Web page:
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Is Dichotomous Thinking Causing You Difficulties?

You might know dichotomous thinking by one of it’s other common names: black-and-white thinking or all-or-nothing thinking. It’s also sometimes called “polarized thinking.” If you had no idea what dichotomous thinking was, you might have some idea from it’s other names. In a nutshell, it’s a way of looking at the world as extremes or binaries: yes or no, up or down, on or off. The shades of gray between black and white tend to get ignored. And this can cause problems in how we live our lives.

One problem is that dichotomous thinking limits the possibilities. For example, what a difference between If I don’t go now then I’ll never get to go and I’m not going now but I will make plans to go next summer. Or I can’t go on my dream vacation, but I can afford to do these three things that are part of my dream vacation rather than miss out on everything.

For another, it can lead to feeling powerless in many areas of life. For example, in this thinking, either I can do something or I can. I succeed or I fail. So if I am taking a calculus class and I score a 60% on a test, I’m likely to conclude that I can’t do calculus if my only choices are success or failure. And if I can’t do calculus, then what’s the point in trying? I might as well give up and be a failure. On the other hand, if I can see between the extremes, then I can see that while 60% is not the score I’d prefer to have, it’s not nothing. It’s something I can build on. Importantly, in this view, I’m not a complete failure and I am likely willing to continue studying and may eventually improve my scores as a result. Think about sports and music: how many skilled athletes or musicians picked up a ball or a guitar and were instant experts? It takes practice and an ability to see that a person can be more than either “terrible” or “great” at playing. In fact, to use sports as the example, one athlete might be superb at three-point shots but terrible at free throws; we need more choices than simply “good” and “bad” to describe this player.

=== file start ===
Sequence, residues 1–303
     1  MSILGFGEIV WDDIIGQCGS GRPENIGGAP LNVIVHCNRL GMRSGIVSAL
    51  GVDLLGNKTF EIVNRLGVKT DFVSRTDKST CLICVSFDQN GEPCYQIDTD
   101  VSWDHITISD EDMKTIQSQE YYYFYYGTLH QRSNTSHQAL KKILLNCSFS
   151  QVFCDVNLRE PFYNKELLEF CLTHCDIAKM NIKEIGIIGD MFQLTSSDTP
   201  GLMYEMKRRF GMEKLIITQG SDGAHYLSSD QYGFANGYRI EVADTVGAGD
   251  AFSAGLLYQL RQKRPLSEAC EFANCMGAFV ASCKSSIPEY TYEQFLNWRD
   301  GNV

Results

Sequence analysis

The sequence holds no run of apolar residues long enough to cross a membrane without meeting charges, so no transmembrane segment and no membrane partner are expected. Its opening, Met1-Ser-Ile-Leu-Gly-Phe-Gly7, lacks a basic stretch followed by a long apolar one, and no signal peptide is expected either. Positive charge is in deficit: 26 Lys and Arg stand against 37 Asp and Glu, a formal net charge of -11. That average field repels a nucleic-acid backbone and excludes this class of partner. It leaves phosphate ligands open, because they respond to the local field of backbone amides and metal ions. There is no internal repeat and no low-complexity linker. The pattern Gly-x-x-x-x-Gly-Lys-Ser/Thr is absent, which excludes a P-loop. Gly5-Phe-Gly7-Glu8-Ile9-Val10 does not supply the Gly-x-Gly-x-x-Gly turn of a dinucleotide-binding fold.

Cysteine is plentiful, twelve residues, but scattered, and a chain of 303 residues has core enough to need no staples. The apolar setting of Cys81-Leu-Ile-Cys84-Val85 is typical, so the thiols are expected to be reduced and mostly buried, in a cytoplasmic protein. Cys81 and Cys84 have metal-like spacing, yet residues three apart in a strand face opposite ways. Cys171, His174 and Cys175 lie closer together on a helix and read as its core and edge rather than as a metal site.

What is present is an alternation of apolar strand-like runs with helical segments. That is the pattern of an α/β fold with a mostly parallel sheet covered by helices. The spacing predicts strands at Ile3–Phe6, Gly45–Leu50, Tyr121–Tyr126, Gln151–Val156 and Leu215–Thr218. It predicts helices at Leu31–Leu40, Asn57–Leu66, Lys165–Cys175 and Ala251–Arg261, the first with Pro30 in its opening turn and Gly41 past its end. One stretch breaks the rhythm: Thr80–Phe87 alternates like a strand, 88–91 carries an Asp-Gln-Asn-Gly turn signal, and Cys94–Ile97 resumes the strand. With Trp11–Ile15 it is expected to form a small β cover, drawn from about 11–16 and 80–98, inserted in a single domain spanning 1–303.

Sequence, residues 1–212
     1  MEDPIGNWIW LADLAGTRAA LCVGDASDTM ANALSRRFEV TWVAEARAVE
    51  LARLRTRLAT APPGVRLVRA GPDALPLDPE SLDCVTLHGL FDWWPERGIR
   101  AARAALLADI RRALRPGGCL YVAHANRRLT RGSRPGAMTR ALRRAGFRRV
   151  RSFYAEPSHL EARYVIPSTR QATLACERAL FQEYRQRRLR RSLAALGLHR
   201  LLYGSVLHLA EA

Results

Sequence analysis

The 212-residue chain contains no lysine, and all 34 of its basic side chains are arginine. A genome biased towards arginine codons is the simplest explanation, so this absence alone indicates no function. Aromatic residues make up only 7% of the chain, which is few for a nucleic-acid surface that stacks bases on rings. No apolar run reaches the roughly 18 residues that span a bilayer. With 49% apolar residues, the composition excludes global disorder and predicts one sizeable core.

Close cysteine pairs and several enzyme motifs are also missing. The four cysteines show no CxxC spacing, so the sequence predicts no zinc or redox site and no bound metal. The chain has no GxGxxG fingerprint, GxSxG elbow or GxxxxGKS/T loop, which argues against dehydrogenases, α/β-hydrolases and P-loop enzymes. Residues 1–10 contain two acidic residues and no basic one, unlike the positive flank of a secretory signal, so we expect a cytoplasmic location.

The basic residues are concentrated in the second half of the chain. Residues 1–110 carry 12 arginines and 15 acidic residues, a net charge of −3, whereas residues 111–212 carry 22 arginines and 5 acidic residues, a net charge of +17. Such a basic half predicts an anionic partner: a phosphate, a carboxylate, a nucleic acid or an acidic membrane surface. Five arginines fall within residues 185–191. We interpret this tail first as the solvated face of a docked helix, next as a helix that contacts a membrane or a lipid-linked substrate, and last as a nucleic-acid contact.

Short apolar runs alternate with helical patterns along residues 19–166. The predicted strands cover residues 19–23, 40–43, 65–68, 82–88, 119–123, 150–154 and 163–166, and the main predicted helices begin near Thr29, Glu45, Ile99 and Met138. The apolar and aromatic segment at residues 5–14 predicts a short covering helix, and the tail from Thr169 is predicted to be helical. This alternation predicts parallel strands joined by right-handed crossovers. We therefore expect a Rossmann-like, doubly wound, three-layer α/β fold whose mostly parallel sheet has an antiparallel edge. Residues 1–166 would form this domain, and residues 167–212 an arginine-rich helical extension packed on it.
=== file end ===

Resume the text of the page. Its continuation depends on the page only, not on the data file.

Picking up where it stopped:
“Absolutes do not exist in this universe. If you try to force your experiences into absolute categories, you will be constantly depressed because your perceptions will not conform to reality. You will set yourself up for discrediting yourself endlessly because whatever you do will never measure up to your exaggerated expectations” – David Burns

Dichotomous thinking is often present in depression and anxiety and it can lead to increased rumination (which itself often leads to increased depression). We can see how by looking back at the previous example of the math test. If my only options are success or failure, then I more than likely considered this test a failure, which I can then beat myself up about. If I can recognize that the grade shows I have plenty of room for improvement but that I did get a lot of points, then I can see that even though I have room for improvement, I also am not starting from the beginning. I can tell myself that next time instead of binge-watching Netflix, I’ll study, for example.

So how can you tell if you have a tendency to look at life through dichotomous lenses? You might ask some close friends whom you trust if they have noticed the tendency. Another option is to monitor how you are describing things, whether to yourself in your inner monologue or to others. Two words can act as clues that you are likely to be thinking dichotomously: “always” and “never.” Watch for other extremes that assume or imply that there is only one or the other, with no middle ground, such as “good” and “bad.” If you have trouble catching yourself, you might invite a trusted friend to point out to you when they hear you making statements that indicate dichotomous thinking. If this isn’t an option, listen for it in the conversations of others or when you are watching TV. Identifying it in others’ speech will help you to notice it in your own thinking. For bonus points, when you notice it, see if you can find one or two additional options to those assumed in the dichotomous thinking.

If you’d like a free 30-minute consultation with Alicia, call or text (816) 226-4678.

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